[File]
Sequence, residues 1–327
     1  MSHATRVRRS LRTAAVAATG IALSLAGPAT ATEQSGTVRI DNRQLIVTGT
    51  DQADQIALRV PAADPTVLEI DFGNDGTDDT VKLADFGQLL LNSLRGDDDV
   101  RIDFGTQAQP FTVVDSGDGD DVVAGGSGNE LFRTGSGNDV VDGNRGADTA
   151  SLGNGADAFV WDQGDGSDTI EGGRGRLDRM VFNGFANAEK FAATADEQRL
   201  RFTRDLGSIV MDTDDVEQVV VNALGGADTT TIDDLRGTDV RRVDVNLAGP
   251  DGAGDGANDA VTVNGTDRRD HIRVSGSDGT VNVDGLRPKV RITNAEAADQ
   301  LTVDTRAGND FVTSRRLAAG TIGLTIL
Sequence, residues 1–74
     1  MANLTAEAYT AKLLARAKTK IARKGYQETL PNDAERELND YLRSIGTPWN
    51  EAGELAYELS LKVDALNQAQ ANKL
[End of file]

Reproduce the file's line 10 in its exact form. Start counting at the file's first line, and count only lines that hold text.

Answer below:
     1  MANLTAEAYT AKLLARAKTK IARKGYQETL PNDAERELND YLRSIGTPWN